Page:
1st Edition

The Constraints-Led Approach Principles for Sports Coaching and Practice Design

    186 Pages
    by Routledge

    186 Pages
    by Routledge

    For the last 25 years, a constraints-based framework has helped to inform the way that many sport scientists seek to understand performance, learning design and the development of expertise and talent in sport. The Constraints-Led Approach: Principles for Sports Coaching and Practice Design provides students and practitioners with the theoretical knowledge required to implement constraints-led approaches in their work.

    Seeking to bridge the divide between theory and practice, the book sets out an ‘environment design framework’, including practical tools and guidance for the application of the framework in coaching and skill acquisition settings. It includes chapters on constraints-led approaches in golf, athletics and hockey, and provides applied reading for undergraduate and postgraduate students of motor learning, skill acquisition and developing sport expertise.

    Providing a thorough grounding in the theory behind constraints-led approaches to skill acquisition, and a foundational cornerstone in the Routledge Studies in Constraints-Based Methodologies in Sport series, this is a vital pedagogical resource for students and practising sports coaches, physical education teachers and sport scientists alike.

    1. Introduction

    Section 1: A Constraints-Led Approach – The Theoretical Framework

    2. A Theoretical Basis for a Constraints-led Approach: Background

    3. Interacting Constraints and Self-Organisation Tendencies

    4. A Landscape of Affordances

    Section 2: A Constraints-Led Approach – Building a Bridge

    5. The Environment Design Principles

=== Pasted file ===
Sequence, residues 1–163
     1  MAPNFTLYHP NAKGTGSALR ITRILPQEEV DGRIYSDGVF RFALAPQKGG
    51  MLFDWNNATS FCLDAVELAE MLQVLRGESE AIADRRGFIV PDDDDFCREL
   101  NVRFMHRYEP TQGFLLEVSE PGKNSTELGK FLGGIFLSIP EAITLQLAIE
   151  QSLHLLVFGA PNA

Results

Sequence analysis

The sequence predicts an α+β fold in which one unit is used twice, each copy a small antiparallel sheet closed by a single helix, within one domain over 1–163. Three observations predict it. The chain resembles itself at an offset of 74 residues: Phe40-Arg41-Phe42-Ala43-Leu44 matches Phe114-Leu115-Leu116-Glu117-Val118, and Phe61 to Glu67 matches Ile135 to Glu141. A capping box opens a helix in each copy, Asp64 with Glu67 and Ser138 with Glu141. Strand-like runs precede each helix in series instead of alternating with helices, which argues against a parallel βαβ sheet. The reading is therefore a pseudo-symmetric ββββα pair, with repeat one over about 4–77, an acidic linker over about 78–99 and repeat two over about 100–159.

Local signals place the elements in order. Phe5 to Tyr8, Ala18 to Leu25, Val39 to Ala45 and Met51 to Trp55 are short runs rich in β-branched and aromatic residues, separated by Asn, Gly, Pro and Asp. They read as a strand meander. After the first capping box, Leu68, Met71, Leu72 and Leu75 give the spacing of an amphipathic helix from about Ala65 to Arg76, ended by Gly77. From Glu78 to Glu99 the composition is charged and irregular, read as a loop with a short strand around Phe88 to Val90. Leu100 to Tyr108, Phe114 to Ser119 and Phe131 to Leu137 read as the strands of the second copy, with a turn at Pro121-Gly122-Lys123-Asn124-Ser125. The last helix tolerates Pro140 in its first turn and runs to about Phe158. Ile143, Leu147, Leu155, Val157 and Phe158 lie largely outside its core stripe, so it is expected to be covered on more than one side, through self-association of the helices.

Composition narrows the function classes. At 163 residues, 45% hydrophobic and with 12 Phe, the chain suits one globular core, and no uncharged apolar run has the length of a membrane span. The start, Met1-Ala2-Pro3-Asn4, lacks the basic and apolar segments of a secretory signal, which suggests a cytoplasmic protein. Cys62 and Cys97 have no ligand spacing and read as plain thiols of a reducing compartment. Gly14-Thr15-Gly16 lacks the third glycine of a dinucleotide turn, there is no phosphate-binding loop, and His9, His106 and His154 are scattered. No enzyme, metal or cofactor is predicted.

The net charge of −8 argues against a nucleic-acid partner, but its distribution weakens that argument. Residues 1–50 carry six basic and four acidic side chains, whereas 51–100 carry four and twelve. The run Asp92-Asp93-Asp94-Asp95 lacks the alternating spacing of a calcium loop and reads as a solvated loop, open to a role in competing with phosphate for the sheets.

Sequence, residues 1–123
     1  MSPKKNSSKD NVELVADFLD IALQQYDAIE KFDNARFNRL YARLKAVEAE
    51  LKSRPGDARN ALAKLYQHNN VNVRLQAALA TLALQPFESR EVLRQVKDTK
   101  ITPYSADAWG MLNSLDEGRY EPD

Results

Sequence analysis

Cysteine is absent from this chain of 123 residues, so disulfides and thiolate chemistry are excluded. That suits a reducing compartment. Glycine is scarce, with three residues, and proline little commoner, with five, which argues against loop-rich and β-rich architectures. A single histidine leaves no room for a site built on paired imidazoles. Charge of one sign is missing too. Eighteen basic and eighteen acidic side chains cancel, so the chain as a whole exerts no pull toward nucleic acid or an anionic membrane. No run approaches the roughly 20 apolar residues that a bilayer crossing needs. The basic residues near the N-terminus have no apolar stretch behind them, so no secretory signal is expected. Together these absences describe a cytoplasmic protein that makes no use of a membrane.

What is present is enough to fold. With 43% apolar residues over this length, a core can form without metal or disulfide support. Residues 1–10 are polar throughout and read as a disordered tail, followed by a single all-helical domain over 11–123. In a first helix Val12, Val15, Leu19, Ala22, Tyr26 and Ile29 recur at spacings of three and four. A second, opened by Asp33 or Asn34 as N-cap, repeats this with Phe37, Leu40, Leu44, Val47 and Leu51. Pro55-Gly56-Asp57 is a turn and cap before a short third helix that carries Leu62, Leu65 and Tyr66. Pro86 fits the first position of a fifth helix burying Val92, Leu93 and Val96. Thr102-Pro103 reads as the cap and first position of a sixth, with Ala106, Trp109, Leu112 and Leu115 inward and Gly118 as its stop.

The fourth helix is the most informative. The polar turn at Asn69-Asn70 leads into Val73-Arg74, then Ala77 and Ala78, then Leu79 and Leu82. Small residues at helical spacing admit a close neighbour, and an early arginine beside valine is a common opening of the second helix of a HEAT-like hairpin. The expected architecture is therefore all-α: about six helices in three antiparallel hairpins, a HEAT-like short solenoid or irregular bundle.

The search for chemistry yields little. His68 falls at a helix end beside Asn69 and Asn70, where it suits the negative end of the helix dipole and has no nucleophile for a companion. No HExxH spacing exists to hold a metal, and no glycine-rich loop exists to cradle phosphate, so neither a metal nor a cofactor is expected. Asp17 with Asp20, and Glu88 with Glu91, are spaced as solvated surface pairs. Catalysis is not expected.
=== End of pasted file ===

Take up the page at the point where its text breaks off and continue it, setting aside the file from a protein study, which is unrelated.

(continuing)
6. The Constraints-Led Approach: Session Designer

    Section 3: A Constraints-Led Approach – Constraints in Action

    7. A Constraints-Led Approach to Coaching Field Hockey

    8. A Constraints-Led Approach to Coaching Golf

    9. A Constraints-Led Approach to Coaching Track and Field

    10. A Constraints-Led Approach: Conclusion


    Ian Renshaw is an Associate Professor in the School of Exercise and Nutrition Sciences at Queensland University of Technology, Brisbane, Australia. Ian has worked in the higher education sector since 1990 delivering courses to undergraduate students and supervising postgraduate students in the UK, New Zealand and Australia. Ian has collaborated with Cricket Australia Centre of Excellence, Queensland Academy of Sport, Australian Institute of Sport and was a founder member of the Australasian Skill Acquisition Research Group.

    Keith Davids is Professor of Motor Learning at the Centre for Sports Engineering Research, Sheffield Hallam University, UK. He has held professorial positions in the UK, New Zealand, Australia and Finland (Finnish Distinguished Professor 2012–2016). He has conducted research on elite and developmental sport programmes at the New Zealand South Island Academy, the Queensland Academy of Sport, Australian Institute of Sport, Diving Australia, Cricket Australia and the English Institute of Sport.

    Daniel Newcombe is a Senior Lecturer in Sport, Coaching and PE in the department of Sport, Health Sciences and Social Work at Oxford Brookes University, UK. Daniel has worked in higher education for ten years and has been delivering Coaching: Practice to Theory modules to undergraduate students. Daniel is also an international and domestic national league hockey coach. He has been the assistant coach for the Men’s Welsh National Team for the past seven years.

    Will Roberts is a Senior Lecturer in Sport and Exercise Science in the School for Sport and Exercise, University of Gloucestershire, UK. Will has worked in higher education for the last 15 years and held academic teaching positions for over a decade in elite sport environments, establishing his work as a multi-disciplinarian in sport coaching research. Will developed the undergraduate and postgraduate research programmes in coaching at Oxford Brookes University, where he holds a post as visiting researcher in the Centre for Movement, Occupational and Rehabilitation Sciences (MOReS).